It means more Nigerians will fall into a poverty pit. The IMF already projects that Nigeria would be home to 20 percent of the world’s poor people by 2030.
Another painful stretch of negative per capita GDP growth also means fewer people will be able to afford quality education for themselves and their children.
For instance, premium primary education alone in Lagos, Nigeria’s commercial capital, could cost anything between N700,000 ($1,944) to N1 million per annum ($2,777). That works out to an average of $2,360 (N849,600), higher than Nigeria’s per capita GDP of $2222.
Fewer people will also be able to afford quality healthcare in a country where the average life expectancy is just 53 years. Only four countries in the world have lower life expectancy rates and they are Sierra-Leone, Chad, Lesotho and Central Africa republic.
South Africa’s life expectancy is 63 years, at par with Ghana’s but lower than the World average of 70 years, according to United Nations World Population data.
Countries like Hong Kong, Japan, Singapore and have an average life expectancy of 83 years.
The job-seeker in Nigeria will also have fewer jobs to compete for with an even larger population of job seekers. Ibrahim may struggle to find a job for another five years.
Data from Jobberman, which recruits mainly white-collar employees and does not track those looking for non-skilled, blue-collar work, sees unemployment in the nation of more than 200 million soaring to 34 percent by the end of the year from 23 percent in 2019.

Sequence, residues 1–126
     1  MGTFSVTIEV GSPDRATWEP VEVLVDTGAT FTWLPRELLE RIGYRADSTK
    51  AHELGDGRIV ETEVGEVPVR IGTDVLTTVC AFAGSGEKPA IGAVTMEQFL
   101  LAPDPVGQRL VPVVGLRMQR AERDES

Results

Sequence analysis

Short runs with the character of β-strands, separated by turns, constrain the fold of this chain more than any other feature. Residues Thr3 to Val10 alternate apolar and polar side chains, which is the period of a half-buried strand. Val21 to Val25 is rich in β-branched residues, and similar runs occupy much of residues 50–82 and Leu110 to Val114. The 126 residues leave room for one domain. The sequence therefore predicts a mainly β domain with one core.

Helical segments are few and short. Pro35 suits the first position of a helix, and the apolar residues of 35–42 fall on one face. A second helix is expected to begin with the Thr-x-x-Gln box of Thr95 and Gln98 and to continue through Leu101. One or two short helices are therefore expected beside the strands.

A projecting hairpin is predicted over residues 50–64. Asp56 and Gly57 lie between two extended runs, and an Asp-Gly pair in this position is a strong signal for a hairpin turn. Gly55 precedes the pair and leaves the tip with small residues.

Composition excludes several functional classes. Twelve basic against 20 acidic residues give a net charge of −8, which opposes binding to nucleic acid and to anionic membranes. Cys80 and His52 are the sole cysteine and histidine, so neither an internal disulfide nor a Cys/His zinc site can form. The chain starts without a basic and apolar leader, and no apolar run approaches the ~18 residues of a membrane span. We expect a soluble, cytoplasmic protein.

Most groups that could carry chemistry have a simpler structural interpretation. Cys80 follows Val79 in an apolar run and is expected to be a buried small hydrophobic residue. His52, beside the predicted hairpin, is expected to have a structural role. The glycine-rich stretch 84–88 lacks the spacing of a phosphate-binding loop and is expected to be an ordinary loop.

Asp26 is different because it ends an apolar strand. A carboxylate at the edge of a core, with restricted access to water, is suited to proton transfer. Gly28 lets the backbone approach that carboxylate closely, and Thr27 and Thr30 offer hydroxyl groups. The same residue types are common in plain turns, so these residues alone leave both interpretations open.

Other estimates suggest that the unemployment rate could hit 50 percent by 2021. The country’s unemployment rate quickened to a more than six-year high of 23 percent in 2019, the last time the NBS measured the rate.
Rising unemployment and higher inflation has meant the country’s misery index has deteriorated to be almost at par with failed countries from Syria to Lebanon.
As it stands, over 22 million employable Nigerians are out of work and another 15 million are underemployed. There’s little hope that the country can generate sufficient jobs for its people who are forecast to reach 400 million by 2050.
The last time the Nigerian Bureau of Statistics (NBS) published data on job creation it showed the economy added 187,226 new jobs in the third quarter of 2016 after adding 475,180 a year earlier.
As Nigerians get poorer over the course of the next five years, it may also mean more companies, especially small businesses, are at risk of failing as falling consumer purchasing power leads to a reduction in sales and revenues.
Though there is paucity of data on the failure rate among Nigerian start-ups, the one available estimate given by a Nigerian bank Stanbic IBTC claimed that over 80 percent of Nigerian start-ups fail within their first five years.